The CEO of Powell’s Books, Emily Powell, has made it crystal clear that Powell’s Books is cutting all ties with Amazon due to its “detrimental impact … on our communities and the independent bookselling world.”
Powell’s Books has a four locations and more warehouses and book sources nationally and internationally, but it looks like the owner is completely aware and quite tired of how Amazon has had a negative impact on independent booksellers.
So now the question is, should more independent booksellers turn away from Amazon and promote themselves locally much more in order to remain alive and show their importance, especially during the COVID crisis and the recovery?
Right now, many bookstores sell their books on Amazon, like Powell’s Books used to do. The sales made on Amazon end up paying Amazon a cut, and not only does Amazon get a cut, that means that the independent bookstore loses money and possibly even brick and mortar customers.
This much change because there must be a balance. Selling books online should be a plus, a great addition to customers, but since it has turned into an Amazon take over, independent bookstores must begin to bring customers in by finding and fulfilling other needs in the communities.
Besides, this is what makes the world go round. Progression. Changing with the times. Could it be that independent bookstores need to figure out what Amazon doesn’t know about their own communities and begin to network with community members?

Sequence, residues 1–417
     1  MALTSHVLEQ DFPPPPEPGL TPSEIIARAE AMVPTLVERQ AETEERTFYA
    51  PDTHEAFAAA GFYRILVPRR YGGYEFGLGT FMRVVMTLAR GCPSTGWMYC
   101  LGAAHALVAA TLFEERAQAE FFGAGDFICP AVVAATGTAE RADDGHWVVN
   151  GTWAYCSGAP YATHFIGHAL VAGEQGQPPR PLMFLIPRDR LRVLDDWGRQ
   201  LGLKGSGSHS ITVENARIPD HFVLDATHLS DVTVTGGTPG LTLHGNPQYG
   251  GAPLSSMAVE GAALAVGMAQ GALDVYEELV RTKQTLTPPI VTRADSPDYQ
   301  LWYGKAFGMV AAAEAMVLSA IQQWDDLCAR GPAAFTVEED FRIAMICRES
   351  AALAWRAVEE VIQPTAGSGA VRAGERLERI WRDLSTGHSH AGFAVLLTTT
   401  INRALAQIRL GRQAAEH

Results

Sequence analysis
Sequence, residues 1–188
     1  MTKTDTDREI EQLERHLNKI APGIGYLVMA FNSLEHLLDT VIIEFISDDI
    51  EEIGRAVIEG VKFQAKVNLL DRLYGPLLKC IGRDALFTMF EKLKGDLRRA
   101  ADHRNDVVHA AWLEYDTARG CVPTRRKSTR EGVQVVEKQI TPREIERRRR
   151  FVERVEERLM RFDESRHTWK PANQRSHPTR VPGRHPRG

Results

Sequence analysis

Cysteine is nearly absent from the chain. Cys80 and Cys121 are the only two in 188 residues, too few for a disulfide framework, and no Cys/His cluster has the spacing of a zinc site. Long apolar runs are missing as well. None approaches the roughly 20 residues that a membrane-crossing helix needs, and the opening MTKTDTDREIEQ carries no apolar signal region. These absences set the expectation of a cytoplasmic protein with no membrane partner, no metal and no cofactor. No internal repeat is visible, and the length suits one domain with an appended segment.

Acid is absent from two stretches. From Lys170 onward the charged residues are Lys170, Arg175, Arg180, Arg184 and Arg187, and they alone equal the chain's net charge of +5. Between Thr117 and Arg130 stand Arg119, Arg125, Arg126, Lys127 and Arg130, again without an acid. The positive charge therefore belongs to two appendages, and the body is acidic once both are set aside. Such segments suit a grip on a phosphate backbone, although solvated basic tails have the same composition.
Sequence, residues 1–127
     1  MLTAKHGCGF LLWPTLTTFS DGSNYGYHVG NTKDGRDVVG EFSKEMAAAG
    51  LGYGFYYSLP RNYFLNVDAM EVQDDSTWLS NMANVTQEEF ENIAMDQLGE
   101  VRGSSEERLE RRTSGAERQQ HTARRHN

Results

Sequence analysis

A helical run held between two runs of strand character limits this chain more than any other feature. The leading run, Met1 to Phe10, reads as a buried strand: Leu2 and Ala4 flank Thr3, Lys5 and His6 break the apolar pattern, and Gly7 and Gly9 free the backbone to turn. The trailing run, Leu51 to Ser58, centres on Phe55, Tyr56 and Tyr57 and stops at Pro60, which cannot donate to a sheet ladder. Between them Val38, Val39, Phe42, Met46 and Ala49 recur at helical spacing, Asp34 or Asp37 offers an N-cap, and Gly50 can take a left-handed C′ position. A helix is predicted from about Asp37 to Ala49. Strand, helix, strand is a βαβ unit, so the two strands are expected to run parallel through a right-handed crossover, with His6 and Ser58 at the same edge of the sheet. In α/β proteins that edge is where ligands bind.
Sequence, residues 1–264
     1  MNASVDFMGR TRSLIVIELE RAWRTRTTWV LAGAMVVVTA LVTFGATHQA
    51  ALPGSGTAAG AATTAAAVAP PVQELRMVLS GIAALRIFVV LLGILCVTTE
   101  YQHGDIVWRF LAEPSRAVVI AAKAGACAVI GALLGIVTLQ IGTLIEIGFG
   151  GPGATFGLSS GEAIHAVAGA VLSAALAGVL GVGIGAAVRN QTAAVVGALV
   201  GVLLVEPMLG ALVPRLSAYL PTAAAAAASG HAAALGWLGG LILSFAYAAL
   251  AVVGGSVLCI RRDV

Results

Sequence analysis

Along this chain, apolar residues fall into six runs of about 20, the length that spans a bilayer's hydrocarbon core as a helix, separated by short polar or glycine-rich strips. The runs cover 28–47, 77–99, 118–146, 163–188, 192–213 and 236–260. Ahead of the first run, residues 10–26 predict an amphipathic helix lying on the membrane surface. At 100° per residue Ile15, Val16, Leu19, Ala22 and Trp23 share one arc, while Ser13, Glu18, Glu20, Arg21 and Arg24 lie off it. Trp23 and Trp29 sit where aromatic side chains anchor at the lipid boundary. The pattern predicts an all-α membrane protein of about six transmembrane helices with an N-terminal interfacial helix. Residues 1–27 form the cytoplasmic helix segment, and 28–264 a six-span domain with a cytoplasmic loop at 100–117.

It looks like this is why Amazon is winning – convenience and it’s a one stop shop.
There is a huge need for independent bookstores around the globe, and Amazon is the wolf ready to eat. That being stated, it is time for independent bookstores to be innovative. Don’t simply remove books from Amazon, which may or may not help the cause, but become innovative.
It’s time for the independent bookstore to rise to a new level, find out what their communities need, how they as bookstores can help the community with literacy and more than solely books. Partner with other business owners in the community. This change will more than likely bring the needed patrons and attention back to the corner bookstore for true face-to-face community connections and more books.
Written by Mirika Mayo Cornelius, author and entrepreneur